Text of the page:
Is your house feeling cluttered? Do you have items you no longer use, or wear, or need stashed in closets and storage? A yard sale could be just the thing to help you declutter and get organized. If you’re ready for a good sort-out, here are some tips for before, during, and after your garage sale to make it go smoothly and help you have a good time in the process.
Sort and price.
Organize all your items into groups: books, clothing, furniture, kitchen supplies. Then, put prices on everything. Will you have a $1 box? A 50-cent box? Get those labelled and fill them up.
PRO TIP: Hang your nicest clothes on a clothing rack to make them easier for customers to go through.
Date, time, and location.
The best time to have your yard sale is on Saturdays, usually starting at 8 a.m. Expect the most traffic between then and about 11 a.m. Sundays are not the best day for sales, so use it as a second day, but not your main selling day. If you live in a rural area, consider teaming up with a friend who lives in town to ensure you get more traffic and sell more items.
Get a group together.
Another way to bump up your chances of heavy traffic is to join a planned neighborhood sale or to invite neighbors to join you and have their own sales. Yard sale shoppers like to have multiple sellers in one area as they don’t have to travel as far and are more likely to find things they want.
Put up signs to guide people to your sale. Brightly colored poster board with thick, dark lettering displaying the date, time, and address is crucial to your success. Plus, NextDoor, Facebook, and Craigslist all have places to advertise to people in the area as well as those who aren’t in your immediate vicinity.
Staff it right.
Running a yard sale without help is sure to leave you in a frenzy, especially when a rush of customers hits all at once. Be sure you have a partner to assist with bagging purchases, making transactions, and rearranging items as the day goes on. Plus, you’ll need someone to relieve you for bathroom breaks!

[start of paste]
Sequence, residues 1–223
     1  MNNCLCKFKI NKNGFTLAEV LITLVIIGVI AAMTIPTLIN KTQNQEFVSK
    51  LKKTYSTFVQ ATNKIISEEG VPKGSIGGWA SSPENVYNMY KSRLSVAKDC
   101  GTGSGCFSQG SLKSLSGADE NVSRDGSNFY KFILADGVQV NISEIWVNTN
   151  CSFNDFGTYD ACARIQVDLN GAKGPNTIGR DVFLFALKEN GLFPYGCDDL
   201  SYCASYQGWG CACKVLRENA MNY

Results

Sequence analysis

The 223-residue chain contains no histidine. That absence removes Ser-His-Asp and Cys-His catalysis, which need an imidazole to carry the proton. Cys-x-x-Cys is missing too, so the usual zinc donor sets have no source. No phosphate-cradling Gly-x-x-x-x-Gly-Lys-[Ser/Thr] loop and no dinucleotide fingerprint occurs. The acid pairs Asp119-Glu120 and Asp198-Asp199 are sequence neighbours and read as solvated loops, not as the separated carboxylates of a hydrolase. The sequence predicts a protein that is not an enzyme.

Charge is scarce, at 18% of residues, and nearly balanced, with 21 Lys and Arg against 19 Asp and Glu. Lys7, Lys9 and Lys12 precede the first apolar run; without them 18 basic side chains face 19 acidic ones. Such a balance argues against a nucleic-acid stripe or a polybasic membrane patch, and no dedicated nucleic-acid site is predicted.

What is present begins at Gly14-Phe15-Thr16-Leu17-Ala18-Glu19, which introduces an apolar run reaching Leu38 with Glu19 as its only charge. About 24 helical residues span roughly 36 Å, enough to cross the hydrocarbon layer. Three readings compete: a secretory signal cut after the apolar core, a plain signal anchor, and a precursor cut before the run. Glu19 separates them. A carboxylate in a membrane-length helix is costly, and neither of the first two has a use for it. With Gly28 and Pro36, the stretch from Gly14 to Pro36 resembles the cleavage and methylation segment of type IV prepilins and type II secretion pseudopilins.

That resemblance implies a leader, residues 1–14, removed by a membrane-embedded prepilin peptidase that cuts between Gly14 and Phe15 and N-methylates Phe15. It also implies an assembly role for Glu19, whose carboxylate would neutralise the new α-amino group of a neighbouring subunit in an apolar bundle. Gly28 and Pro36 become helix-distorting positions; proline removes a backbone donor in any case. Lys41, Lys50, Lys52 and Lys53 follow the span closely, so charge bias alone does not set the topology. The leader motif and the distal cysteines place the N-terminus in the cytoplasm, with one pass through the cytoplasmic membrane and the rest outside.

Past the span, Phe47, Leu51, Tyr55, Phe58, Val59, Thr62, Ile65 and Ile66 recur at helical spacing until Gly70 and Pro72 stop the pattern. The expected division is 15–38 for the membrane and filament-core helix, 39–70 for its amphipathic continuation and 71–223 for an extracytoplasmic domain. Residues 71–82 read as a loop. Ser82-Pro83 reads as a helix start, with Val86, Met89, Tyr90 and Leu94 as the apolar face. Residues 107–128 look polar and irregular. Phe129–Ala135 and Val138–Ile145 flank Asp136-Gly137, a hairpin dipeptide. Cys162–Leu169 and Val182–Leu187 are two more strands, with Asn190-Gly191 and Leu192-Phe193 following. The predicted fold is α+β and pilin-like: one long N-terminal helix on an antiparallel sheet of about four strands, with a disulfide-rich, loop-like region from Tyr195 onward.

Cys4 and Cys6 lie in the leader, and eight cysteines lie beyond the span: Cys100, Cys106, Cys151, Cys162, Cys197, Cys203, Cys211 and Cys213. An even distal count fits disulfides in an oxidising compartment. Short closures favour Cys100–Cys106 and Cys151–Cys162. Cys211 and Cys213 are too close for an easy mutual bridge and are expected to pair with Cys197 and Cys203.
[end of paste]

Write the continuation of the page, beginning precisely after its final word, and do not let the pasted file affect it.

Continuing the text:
Arrange your items.
Use tables so people don’t have to bend down, and hang clothes so they are easy to sort through. Bigger items can line your driveway or walkway, encouraging people to approach. Be sure your items are organized and clean — and the front of your home, too. People will judge whether they want to buy from you based on their first look at you and your items. As items sell and holes appear in your arrangements, continue moving your belongings around to keep the area looking tidy.
If someone’s taking a large amount of stuff off your hands, give them a deal and round down when you’re adding up. After all, you want to get rid of it! Be prepared for hagglers, too, and know how low you’re willing to go on your items.
Keep a stash of shopping bags and small boxes on hand so it’s easier for buyers to purchase more than just what they can hold in their hands.
PRO TIP: If you’re selling large items like furniture and you have the bodies and the vehicle to move them, offer to deliver for a small additional fee, or for free if you see your buyer wavering.
Keep the change.
You’ll want lots of small bills (and possibly coins) on hand. Don’t be surprised if the first couple of buyers hand you a $20. If you can take a credit card through Square, do it, and accepting PayPal or Venmo for larger purchases will be helpful. If you do decide to accept these alternative payments, be sure you put up a sign that advertises your flexibility — you could draw in shoppers who might not have stopped otherwise.
If you have room to haul everything back inside, try posting items on Craigslist, NextDoor, or in a curb alert or Marketplace post on Facebook to see if you can get rid of them that way.
Get it outta here.
You’re tired of even looking at the leftovers and want them gone? Load ’em up and head to the nearest thrift store to donate them and be done with it!
If your remaining items are nicer things that you still want cash for, try a consignment shop that will buy them outright from you (rather than giving you a percentage when the items sell).
Did your yard sale leave a lot of empty space in your home? Or maybe you need even more space for the items you want to buy next? Either way, let’s talk about rightsizing and getting you in the home that holds all your treasures the best.
Jack LeVine has been trusted by well over a 1200 clients in the last 30 years. He gets the job done and gets it done right. No other agent in Las Vegas has the depth of knowledge and experience that Jack has of the vintage neighborhoods, the mindset of buyers for 50 or 60-year-old homes, and the special things that dramatically affect the value of a vintage home.
If you want to sell (or buy) a Vintage Las Vegas era home – Call or email Jack LeVine of Very Vintage Vegas Realty – 702-378-7055 email@example.com
State of Nevada Broker License # B.27127